Friday, January 31, 2020

Sundance with Abe: The Evening Hour

I’m thrilled to be attending and covering the Sundance Film Festival in Park City, Utah for the seventh time. I’m seeing as many movies as I can each day and will post reviews of each as I can, as well as video reviews uploaded to YouTube.

The Evening Hour
Directed by Braden King
U.S. Dramatic Competition

Living in a small town means that most people know each other, and secrets don’t usually get kept for long. In most cases, that which isn’t discussed or acknowledged is still known, permitted to occur because there are those who see the benefits along with few advantages of causing problems for others. Drug dealing is one such poorly-kept secret, with those who aren’t serving as customers keeping what they know to themselves either because they don’t want to bring trouble upon their own homes or because they know that whatever might replace it could be worse.

Cole (Philip Ettinger) lives in the mountains of West Virginia, where he works as an aide at a nursing home. He also buys and sells prescription pills all around town, making sure never to take from his day job and steering clear of Everett (Marc Menchaca), an ex-convict who traffics in hard drugs. When an old friend, Terry (Cosmo Jarvis), comes back to town looking to get into the drug business, Cole’s life becomes infinitely more complicated as he juggles his unpredictable girlfriend (Stacy Martin), a new romantic interest (Kerry Bishe), and the return of his absent mother (Lili Taylor).

This film is best described as a slow-burn dramatic thriller, presenting its events calmly and building tension and suspense as it becomes clear just how out of control Cole’s situation has become. He’s very well-liked and highly regarded in town, and the web of characters are so closely interconnected that his work colleague is dating a cop, putting the law just a short distance from him at all times. He’s also someone who does whatever he can for others, something that Terry knows and aims to utilize so that he can achieve what he wants. Cole’s kindness is his own undoing, and he knows that he’s the one who will have to clean up this mess.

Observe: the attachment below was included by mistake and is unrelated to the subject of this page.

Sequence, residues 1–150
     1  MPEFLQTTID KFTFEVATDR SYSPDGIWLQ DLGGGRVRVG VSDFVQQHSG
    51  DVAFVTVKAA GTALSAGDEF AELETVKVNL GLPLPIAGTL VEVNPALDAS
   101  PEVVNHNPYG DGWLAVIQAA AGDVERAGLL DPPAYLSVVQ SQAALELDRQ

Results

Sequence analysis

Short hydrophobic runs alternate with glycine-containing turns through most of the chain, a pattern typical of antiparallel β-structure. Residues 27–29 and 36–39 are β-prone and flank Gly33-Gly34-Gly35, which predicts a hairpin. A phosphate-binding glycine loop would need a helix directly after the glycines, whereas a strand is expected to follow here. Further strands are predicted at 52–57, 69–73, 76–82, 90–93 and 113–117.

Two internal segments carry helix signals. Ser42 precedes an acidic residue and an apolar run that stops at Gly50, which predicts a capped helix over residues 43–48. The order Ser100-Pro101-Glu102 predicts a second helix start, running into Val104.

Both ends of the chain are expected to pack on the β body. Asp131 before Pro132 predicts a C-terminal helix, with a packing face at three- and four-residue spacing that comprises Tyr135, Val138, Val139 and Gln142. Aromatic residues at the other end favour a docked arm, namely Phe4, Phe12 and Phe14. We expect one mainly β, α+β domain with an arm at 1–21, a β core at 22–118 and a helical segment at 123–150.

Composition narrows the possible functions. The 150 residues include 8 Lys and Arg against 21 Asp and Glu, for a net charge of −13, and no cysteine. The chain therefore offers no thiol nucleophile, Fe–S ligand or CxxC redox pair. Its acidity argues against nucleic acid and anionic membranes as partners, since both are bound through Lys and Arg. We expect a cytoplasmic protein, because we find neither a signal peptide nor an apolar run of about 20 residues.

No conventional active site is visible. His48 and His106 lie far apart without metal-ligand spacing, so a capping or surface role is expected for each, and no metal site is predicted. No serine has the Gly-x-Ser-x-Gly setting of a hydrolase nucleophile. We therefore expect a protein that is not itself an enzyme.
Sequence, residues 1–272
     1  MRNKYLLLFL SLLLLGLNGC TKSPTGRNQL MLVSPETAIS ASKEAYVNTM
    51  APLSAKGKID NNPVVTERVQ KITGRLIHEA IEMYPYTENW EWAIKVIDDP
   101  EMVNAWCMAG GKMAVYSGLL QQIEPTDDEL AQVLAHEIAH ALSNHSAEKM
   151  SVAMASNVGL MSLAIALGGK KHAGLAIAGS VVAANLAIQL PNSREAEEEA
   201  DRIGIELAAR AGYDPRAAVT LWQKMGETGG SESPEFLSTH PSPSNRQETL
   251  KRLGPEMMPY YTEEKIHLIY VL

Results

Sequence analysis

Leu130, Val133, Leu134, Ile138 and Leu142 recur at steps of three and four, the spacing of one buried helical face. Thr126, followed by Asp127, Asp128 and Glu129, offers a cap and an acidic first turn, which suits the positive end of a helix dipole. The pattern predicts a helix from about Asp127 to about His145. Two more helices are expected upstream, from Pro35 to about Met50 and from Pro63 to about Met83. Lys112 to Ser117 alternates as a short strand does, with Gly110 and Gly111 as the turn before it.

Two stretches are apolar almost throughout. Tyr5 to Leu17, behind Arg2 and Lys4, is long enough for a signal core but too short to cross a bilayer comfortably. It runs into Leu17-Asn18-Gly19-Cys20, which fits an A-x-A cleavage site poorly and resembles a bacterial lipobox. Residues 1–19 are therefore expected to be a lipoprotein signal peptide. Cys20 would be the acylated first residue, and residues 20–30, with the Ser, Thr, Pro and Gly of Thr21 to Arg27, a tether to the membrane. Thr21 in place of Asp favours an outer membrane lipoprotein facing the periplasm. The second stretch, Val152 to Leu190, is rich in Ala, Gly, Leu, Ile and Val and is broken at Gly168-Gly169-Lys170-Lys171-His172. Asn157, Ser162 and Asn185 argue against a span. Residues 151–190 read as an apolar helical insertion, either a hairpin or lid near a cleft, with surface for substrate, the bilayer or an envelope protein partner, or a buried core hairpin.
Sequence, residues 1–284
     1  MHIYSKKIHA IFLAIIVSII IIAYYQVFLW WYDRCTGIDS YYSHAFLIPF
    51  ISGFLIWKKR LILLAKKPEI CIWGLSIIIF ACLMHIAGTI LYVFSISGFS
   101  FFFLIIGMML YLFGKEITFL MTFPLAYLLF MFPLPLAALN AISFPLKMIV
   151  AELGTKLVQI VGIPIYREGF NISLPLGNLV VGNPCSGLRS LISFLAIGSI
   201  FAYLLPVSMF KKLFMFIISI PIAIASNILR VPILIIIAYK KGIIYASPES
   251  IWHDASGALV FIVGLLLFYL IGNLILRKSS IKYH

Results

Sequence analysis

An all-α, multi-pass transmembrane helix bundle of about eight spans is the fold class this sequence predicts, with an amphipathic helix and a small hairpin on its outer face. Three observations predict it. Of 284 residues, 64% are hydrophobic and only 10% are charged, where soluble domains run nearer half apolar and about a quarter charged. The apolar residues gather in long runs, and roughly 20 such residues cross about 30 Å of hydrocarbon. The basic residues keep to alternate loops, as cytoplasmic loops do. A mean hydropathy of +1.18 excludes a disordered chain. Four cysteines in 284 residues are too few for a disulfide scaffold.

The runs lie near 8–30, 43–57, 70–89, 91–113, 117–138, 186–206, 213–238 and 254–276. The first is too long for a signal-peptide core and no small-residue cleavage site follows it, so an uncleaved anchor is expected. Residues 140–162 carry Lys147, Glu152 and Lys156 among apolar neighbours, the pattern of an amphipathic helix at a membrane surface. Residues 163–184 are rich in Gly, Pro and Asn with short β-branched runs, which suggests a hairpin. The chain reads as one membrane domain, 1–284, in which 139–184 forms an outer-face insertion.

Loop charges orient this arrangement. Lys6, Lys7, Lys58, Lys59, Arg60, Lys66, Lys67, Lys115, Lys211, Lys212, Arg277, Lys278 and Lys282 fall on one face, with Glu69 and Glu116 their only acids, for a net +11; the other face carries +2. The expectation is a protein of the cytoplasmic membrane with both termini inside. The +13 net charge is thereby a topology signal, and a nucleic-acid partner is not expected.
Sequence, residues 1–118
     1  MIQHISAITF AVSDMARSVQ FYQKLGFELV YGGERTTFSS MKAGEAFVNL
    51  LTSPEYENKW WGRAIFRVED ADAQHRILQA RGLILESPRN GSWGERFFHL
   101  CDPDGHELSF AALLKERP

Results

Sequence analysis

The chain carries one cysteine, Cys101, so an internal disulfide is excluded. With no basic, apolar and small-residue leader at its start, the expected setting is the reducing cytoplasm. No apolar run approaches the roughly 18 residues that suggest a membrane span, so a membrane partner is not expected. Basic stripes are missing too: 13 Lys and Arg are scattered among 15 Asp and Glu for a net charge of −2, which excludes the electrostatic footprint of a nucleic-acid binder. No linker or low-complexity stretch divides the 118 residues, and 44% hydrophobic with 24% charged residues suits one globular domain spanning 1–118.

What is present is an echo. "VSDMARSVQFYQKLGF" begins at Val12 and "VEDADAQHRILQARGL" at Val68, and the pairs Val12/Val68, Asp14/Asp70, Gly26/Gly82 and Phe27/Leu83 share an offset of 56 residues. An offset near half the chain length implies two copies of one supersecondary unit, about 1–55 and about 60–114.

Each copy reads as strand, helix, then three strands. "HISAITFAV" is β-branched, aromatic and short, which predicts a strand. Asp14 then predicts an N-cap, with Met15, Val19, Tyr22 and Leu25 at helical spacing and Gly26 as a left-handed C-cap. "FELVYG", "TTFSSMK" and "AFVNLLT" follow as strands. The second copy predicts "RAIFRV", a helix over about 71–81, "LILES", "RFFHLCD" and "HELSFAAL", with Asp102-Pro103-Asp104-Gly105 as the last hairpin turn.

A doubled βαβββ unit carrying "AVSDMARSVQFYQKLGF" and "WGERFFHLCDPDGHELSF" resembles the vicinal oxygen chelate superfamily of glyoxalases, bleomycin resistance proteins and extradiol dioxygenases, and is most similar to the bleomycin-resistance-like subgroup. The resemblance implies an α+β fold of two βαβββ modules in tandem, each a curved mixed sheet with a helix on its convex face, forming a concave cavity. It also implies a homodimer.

Ettinger is a decent lead, and he’s well-supported by strong turns in the supporting cast from Jarvis, Martin, Bishe, Menchaca and Michael Trotter, who portrays Cole’s closest confidante and the comic relief of the film. This story feels familiar in many ways, but the pacing, cinematography, and specific plot help to set it apart and make it worthwhile. This feels like an immersive journey into a community far from big cities, where the things people do to stave off boredom can have dire consequences, as conveyed in this dark story.


1 comment:

Jamaica said...

Oh, Ettinger is *far* more than "decent". He is emotionally everything that Cole is supposed to be, in the way that Cole expresses himself. I find it frustrating that such a fine actor's work is not recognized for the excellence that is brought to it. Far too often, even among critics, let alone casual movie fans, the only roles that are praised are the ones that jump off the page, even before an actor is brought in to play it. Passive roles, like that of Cole, are rarely appreciated for the subtle and accurate, and meticulous work that it takes to build them.